An impressive convoy of giant big rigs is sitting outside of the Santa Barbara Museum of Natural History, and crews are carefully unloading some giant wooden boxes.
Three truckloads of items belong to a tourist named Sue, who’s visiting Santa Barbara for the summer. In fact, she’s actually in the boxes.
Sue is a 42-foot-long, 12-foot-high Tyrannosaurus Rex.
Museum President and CEO Luke Swetland says it’s exciting to have a replica of the largest and best preserved T. Rex skeleton in the world as the star of a new exhibition.
The original Sue is owned by Chicago’s Field Museum. She was found by paleontologist Sue Hendrickson in South Dakota in 1990, and that’s why she’s named Sue, even though they don’t know if she was male or female. The skeleton is too delicate to travel, so the museum painstakingly created a full-sized cast model, as well as supporting exhibits, to tell the T. Rex story.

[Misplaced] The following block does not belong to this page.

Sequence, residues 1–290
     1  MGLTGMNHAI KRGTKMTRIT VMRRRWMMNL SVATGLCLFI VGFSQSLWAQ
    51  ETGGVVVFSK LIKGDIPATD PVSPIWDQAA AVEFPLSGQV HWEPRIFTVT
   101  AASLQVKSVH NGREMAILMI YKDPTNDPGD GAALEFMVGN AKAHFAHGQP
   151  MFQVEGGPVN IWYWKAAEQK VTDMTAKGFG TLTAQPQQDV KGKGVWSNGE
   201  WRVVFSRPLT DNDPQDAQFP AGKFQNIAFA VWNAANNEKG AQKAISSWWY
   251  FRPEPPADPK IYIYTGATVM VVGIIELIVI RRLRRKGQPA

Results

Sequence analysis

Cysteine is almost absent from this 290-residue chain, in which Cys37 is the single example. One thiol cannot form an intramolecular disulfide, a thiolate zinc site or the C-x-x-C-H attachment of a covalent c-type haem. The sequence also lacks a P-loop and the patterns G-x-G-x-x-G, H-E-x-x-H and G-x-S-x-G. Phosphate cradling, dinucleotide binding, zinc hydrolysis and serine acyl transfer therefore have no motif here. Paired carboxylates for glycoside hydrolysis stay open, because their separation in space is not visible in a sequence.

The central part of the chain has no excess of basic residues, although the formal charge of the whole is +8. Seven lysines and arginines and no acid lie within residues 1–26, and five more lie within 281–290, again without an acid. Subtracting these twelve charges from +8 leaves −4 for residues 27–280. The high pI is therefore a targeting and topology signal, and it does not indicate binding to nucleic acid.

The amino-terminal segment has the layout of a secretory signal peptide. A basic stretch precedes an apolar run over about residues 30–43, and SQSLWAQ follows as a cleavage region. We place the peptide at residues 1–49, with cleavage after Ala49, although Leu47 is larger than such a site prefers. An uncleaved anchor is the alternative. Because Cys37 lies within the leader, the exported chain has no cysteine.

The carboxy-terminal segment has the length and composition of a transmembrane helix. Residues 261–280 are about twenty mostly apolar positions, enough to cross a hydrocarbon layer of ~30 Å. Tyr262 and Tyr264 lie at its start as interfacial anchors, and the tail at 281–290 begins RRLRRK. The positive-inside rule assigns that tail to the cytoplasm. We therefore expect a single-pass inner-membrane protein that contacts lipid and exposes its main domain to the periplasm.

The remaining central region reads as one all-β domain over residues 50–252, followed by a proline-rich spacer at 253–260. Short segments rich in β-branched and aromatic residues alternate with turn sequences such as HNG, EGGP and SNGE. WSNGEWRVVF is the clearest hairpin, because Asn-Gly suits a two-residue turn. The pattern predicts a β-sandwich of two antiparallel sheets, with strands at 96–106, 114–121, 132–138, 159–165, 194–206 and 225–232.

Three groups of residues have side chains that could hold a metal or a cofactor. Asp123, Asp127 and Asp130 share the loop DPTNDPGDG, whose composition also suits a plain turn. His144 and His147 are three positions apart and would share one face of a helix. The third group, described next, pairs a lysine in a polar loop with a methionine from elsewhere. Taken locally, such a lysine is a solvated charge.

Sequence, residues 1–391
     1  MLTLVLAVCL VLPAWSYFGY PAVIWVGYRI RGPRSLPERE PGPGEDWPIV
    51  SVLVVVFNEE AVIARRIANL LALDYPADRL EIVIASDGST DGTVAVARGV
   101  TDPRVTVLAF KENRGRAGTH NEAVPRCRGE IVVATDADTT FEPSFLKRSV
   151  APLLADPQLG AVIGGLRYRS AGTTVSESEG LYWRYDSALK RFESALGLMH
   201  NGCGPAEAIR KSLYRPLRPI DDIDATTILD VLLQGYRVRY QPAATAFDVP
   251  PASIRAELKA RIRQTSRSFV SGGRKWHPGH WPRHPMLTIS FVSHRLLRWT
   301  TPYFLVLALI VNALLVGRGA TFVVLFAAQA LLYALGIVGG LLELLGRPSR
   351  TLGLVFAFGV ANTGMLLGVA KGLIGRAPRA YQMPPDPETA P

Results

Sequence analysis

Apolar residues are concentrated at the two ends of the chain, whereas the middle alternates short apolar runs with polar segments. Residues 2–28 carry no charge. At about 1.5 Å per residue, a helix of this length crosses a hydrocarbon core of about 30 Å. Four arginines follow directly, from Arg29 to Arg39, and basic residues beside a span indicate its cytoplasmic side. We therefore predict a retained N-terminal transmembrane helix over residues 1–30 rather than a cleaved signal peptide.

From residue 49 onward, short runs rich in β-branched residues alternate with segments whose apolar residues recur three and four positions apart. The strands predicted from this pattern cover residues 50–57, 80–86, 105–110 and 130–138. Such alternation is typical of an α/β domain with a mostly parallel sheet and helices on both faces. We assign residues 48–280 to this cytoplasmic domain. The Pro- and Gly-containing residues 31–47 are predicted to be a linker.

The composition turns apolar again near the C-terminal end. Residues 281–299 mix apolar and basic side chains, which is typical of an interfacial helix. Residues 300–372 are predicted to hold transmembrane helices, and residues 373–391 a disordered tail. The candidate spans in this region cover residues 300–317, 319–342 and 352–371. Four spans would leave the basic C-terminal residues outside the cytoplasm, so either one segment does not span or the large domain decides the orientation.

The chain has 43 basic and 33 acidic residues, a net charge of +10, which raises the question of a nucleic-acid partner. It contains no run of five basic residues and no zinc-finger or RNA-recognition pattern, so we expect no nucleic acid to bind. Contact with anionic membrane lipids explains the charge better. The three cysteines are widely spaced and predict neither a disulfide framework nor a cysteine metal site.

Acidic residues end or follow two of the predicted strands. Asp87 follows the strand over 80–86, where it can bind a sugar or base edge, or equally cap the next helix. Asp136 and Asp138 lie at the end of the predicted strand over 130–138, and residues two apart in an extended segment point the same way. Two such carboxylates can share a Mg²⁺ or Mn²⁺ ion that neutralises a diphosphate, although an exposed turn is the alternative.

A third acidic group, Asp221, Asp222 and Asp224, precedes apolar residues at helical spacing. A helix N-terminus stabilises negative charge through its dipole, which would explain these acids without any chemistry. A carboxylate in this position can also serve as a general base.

After two years of work by the Santa Barbara Museum, they were able to book the traveling exhibition.
Getting it to Santa Barbara was no easy task. Its last appearance was in Nova Scotia, and it took 33,000 hours to pack it, before three big rigs drove seven days and 3700 miles to Santa Barbara for its next stop.
The museum’s Frank Hein says it takes a full day to unpack the T. Rex, and three days to put her and the exhibition together. The exhibition will feature the massive skeleton as the centerpiece, with a number of accompanying exhibits to help tell Sue's story, as well as anecdotes on dinosaurs in general.
The exhibition, which is officially called “A T. Rex Named Sue,” will open this holiday weekend on Saturday, and run through September 11th at the Santa Barbara Museum of Natural History.